Full list of CLDR regions https://github.com/unicode-cldr/cldr-localenames-full/blob/master/main/en/territories.json CZ, FK, HK, MO have an alt-variant that matches Mozilla values. The alt-variant for MM is Myanmar, while for Mozilla is Burma.
Side question, is there a way to browse GENC these days w/out adding a cert exception?
Thanks for the questions Gerv! (In reply to Gervase Markham [:gerv] from comment #11) > * Are we talking here about country/region names, language names, or both? Both. > * CLDR presumably provides the names in "all" languages? Does GENC, or does > it only provide English names? They provide the names in all languages, and the list is updated/maintained and extended by the CLDR work group with input from major contributors like Apple, Microsoft and Google but also open to external contributors. As I mentioned before, CLDR aims to be the Wikipedia for intl data. > * Might it be an option to use the CLDR names entirely internally and in > APIs, but the GENC names for display within Firefox? I'm not sure what you mean here by "CLDR named entirely internally"? If we believe any of the English names in CLDR to be wrong, I'd suggest we upstream our improvements to benefit all CLDR users. > * Might it be an option to not ship a list of names at all, but pick them up > from the OS, so we can disclaim responsibility for them? Or would that be a > coding nightmare? I'd say that it would be a very cumbersome procedure to try. We'd end up with varied levels of support per OS, with missing matches in places we cannot control. Having a unified list of language names and regions as part of our toolking localization dataset makes it much easier to build a predictable UIs for selecting locales. > * Do we know if any particular OS, e.g. OS X, uses the same list in every > shipping version, or do they perhaps customize the list to local political > preference? I do not know that. I can ask. All I know is that they use CLDR. > * Is there any documentation anywhere about how CLDR chooses the names it > chooses, and their position on the usual controversial topics? http://cldr.unicode.org/translation/country-names http://cldr.unicode.org/index/cldr-spec/picking-the-right-language-code CLDR meets every week on Wednesday at 8am PST. I can ask any of the questions we may have directly to the WG if needed :)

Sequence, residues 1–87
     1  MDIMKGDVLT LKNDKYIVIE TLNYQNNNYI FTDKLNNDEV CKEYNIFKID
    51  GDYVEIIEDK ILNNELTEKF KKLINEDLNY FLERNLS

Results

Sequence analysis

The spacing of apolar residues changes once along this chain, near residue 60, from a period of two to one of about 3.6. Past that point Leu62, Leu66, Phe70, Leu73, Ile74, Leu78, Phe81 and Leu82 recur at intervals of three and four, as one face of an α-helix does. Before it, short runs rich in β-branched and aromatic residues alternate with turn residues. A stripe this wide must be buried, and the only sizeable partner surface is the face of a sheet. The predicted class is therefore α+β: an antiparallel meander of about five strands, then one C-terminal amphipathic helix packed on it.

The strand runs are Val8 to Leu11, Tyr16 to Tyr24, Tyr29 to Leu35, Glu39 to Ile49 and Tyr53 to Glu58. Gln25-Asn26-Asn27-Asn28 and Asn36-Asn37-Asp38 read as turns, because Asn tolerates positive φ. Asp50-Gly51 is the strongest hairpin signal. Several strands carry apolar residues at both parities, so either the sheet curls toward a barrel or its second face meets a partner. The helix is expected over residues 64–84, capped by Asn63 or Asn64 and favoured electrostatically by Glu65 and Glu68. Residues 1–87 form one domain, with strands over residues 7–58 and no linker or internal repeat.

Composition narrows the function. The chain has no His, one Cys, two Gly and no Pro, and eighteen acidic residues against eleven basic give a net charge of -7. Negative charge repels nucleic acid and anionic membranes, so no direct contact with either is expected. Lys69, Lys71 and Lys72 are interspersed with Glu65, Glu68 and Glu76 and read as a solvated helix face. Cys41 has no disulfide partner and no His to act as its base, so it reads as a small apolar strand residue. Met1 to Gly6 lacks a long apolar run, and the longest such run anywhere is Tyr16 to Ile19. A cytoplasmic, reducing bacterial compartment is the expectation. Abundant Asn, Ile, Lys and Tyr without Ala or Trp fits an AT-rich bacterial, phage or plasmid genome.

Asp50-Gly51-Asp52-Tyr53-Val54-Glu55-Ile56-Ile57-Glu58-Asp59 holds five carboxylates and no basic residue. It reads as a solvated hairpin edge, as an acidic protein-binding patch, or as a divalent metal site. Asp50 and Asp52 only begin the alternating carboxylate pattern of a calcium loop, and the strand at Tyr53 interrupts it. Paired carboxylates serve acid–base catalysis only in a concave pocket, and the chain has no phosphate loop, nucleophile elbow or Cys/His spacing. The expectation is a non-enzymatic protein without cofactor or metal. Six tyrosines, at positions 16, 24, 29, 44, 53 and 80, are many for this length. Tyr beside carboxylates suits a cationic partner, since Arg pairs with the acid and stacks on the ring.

In case of french - bug 1434886 comment 3 - seems like we make mistakes in our translations and CLDR keeps the quality quite high. Resetting NI on :gerv to help us move forward.
(In reply to Zibi Braniecki [:gandalf][:zibi] from comment #17) > In case of french - bug 1434886 comment 3 - seems like we make mistakes in > our translations and CLDR keeps the quality quite high. Same was for Italian (bug 1434854).
Sorry, guys - was at FOSDEM. (Sad not to see you there, gandalf?) CLDR's list was not one of the options considered last time, so it's reasonable to reopen the question. Looking down that list of diffs, it seems pleasingly minimal. None of my list of "dangerous" names appears on it, so presumably all of them are exactly the same in both lists. Almost all of the changes are either neutral or improvements, with only HK, MM and MO needing further study. HK and MO have the same change - the addition of "SAR China". This is a reasonable factual description of their status, so I hope it would not be objectionable. MM changes "Burma" to "Myanmar (Burma)". The dispute here is whether the military regime has the legitimacy to change the name (both names have valid provenance in the local language) from Burma to Myanmar without a referendum. Including both but leading with the one the government has chosen seems just as fine a solution as any other. https://en.wikipedia.org/wiki/Names_of_Myanmar So yes, I approve of this change. We should make it and update the wiki page to match. As always, let's stay out of the business of making country-specific tweaks to the list based on representations from citizens. That way lies madness. Gerv  Kosovo Tibet Taiwan Northern Cyprus Chechnya Catalonia Kurdistan ISIS The West Bank / The Gaza Strip / Palestine  https://wiki.mozilla.org/Lists_of_Countries_and_Regions